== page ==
The self-adhesive stamp was designed by Uldis Purins of Newton, Mass., and was printed by Avery Dennison on gravure presses at its South Carolina plant. It produced 102 million of the stamps, a relatively large order for a commemorative. It is being sold in sheets of 20.

The UPU stamp is considered a regular issue stamp, one that post offices should keep in stock for use on overseas mail. Gerald Gallo of Bethesda designed the stamp, which was printed on offset presses by Ashton-Potter USA Ltd. at its upstate New York plant. It printed 43.2 million of the stamps, which are also being sold in sheets of 20.

The latest in the series of rose stamps goes on sale Aug. 13 in Indianapolis. This time it's a coral pink 33-cent stamp painted by Ned Seidler of Hampton Bay, N.Y. Sennett Security Products of Chantilly has printed 1 billion of the stamps on gravure presses in Wisconsin. It will be sold in booklets of 15 and 20 stamps.

THE U.S. MINT has placed a new commemorative silver dollar on sale, but what's getting lots of attention is the disclosure that the agency has struck the first noncommemorative gold dollars since 1889. The 39 gold coins are the first of the new Sacagawea dollars, scheduled to appear next year.

But the gold coins, which carry the year 2000, obviously were struck before then and that has prompted Coin World to question the Mint's authority to produce the coins. The circulating version of the $1 coins will be gold-colored. The newspaper has reported that Mint officials say they had full authority to strike the coins as parts of "numismatic sets." Twelve were sent into space aboard the space shuttle Columbia. The Mint placed six of the 39 coins in its vault in Washington and destroyed the others.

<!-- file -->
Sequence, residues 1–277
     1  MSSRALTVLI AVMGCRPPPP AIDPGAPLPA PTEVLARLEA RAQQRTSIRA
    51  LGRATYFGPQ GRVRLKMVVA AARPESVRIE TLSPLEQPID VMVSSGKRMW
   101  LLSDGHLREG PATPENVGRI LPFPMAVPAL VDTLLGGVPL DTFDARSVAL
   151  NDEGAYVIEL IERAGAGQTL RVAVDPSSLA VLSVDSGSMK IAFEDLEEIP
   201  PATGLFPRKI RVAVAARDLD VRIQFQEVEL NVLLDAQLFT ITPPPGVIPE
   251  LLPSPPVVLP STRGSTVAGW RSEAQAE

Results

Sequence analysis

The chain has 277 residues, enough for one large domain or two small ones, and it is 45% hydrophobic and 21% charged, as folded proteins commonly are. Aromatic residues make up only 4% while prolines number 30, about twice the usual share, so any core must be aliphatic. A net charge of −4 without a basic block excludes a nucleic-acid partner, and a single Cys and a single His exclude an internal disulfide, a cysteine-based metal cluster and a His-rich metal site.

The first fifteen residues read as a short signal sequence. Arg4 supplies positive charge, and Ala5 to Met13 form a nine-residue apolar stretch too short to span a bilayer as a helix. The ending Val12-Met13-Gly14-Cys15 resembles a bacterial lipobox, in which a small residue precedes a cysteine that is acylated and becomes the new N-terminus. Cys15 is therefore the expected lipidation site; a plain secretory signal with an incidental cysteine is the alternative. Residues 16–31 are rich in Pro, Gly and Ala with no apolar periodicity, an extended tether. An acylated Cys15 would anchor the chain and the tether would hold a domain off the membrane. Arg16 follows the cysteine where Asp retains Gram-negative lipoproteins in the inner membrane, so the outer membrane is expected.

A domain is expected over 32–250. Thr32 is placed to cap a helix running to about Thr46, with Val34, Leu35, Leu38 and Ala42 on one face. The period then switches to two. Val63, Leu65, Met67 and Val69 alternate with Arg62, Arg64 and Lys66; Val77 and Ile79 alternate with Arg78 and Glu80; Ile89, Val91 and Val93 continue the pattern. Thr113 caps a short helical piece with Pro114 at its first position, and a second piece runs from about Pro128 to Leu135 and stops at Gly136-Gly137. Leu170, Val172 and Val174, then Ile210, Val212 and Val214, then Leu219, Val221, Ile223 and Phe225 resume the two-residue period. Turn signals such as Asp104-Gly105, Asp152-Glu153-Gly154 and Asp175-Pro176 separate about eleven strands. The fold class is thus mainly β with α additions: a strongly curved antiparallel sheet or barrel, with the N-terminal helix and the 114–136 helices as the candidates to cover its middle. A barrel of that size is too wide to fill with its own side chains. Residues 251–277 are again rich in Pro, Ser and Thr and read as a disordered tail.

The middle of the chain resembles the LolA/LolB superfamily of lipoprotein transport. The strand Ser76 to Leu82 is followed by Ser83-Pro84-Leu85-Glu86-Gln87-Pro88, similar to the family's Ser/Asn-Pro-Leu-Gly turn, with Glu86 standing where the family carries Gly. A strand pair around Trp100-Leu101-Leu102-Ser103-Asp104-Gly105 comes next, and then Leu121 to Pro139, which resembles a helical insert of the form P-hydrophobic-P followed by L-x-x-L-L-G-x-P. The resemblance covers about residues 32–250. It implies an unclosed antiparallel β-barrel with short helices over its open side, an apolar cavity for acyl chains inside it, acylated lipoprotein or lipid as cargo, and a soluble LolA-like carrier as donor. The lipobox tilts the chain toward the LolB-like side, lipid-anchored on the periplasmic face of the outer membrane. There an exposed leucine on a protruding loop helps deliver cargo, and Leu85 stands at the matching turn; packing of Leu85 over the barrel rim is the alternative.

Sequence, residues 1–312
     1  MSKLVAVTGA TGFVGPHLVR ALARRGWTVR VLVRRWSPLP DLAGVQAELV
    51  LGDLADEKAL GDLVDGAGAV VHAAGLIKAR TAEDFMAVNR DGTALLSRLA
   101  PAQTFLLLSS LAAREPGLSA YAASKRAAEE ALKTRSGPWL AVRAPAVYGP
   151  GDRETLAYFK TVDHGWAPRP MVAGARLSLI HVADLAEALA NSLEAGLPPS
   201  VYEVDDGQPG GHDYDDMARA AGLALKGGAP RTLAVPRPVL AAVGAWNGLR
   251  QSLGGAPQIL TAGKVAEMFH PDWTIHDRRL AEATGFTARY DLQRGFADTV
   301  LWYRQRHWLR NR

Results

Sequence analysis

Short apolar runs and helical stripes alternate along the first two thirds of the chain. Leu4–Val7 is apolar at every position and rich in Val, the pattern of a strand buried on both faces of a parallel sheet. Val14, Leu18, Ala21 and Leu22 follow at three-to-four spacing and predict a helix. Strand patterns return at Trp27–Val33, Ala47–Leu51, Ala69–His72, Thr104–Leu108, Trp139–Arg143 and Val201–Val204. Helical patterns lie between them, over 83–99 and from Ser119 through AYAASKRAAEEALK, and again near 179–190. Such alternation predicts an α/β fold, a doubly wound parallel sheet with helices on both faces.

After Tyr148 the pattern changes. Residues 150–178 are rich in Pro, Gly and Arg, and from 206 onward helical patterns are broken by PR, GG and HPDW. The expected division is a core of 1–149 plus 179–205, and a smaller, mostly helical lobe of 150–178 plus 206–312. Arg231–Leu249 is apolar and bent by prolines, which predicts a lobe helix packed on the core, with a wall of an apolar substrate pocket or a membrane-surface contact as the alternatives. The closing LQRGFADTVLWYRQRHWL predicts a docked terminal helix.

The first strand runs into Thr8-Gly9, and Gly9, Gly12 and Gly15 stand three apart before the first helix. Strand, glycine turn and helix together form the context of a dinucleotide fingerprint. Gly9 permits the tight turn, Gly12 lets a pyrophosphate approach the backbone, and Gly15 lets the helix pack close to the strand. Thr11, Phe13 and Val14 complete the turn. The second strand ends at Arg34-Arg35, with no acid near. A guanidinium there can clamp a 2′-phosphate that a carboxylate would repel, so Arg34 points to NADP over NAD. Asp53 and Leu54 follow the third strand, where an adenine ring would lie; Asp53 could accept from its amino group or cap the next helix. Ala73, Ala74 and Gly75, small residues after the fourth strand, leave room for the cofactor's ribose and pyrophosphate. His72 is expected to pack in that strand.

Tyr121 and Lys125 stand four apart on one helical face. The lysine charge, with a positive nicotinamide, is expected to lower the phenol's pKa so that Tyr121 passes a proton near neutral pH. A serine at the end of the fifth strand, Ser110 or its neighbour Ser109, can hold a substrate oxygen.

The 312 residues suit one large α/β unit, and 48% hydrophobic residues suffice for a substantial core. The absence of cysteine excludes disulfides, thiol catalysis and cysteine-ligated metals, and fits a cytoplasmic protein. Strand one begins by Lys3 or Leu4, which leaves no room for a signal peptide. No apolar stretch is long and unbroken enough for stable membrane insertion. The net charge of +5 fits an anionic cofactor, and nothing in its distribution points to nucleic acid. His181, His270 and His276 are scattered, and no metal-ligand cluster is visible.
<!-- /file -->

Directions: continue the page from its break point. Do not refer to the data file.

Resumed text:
There is no question about the authority for the new silver dollars. They mark the 125th anniversary of Yellowstone National Park and were authorized by Congress in 1996. The image of Yellowstone's Old Faithful geyser is on the coin's face and an American buffalo is on its reverse.

Up to 500,000 of the dollars can be struck. Proof quality dollars are being sold for $37 each and uncirculated copies are available for $32. The price includes a $10 surcharge that goes to the national park system.

For information on the coins, call 800/872-6468.

INDIVIDUALS seeking first-day cancellations of the stamps mentioned above should purchase the stamps at their local post office and place them on addressed envelopes. These should be mailed in a larger envelope to: Coral Pink Rose Stamps, Postmaster, 125 W. South St., Indianapolis, IN 46206-9991; Those Who Served Stamps, Postmaster, 315 W. Pershing Rd., Kansas City, MO 64108-9991; or UPU Stamp, U.S. Postal Service Cancellation Unit, P.O. Box 419400, Kansas City, MO 64144-6400. Requests for the Rose stamp should be postmarked by Sept. 12; the Those Who Served, Sept. 15; and the UPU stamp, Sept. 24.

Next week in this space: Photography columnist Frank Van Riper.